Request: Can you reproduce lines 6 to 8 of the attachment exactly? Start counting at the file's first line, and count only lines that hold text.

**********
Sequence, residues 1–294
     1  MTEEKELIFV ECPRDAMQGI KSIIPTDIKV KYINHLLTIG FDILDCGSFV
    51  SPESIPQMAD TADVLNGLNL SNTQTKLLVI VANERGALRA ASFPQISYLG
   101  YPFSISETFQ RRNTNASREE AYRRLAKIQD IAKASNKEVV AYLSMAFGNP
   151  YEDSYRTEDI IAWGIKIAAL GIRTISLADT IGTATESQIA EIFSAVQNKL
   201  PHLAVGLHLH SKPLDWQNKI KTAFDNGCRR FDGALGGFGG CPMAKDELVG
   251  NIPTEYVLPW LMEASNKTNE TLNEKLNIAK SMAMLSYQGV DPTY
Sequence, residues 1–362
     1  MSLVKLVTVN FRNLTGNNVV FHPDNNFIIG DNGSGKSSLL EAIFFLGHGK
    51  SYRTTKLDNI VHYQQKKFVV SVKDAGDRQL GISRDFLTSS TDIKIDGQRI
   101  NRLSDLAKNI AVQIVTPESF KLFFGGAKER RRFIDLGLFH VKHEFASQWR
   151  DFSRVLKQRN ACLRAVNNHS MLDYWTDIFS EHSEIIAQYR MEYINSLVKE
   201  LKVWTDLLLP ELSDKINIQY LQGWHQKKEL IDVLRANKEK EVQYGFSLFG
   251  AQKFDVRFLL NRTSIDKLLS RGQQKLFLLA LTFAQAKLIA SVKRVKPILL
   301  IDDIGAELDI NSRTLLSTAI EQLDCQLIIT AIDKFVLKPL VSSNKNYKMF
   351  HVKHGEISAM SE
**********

   201  PHLAVGLHLH SKPLDWQNKI KTAFDNGCRR FDGALGGFGG CPMAKDELVG
   251  NIPTEYVLPW LMEASNKTNE TLNEKLNIAK SMAMLSYQGV DPTY
Sequence, residues 1–362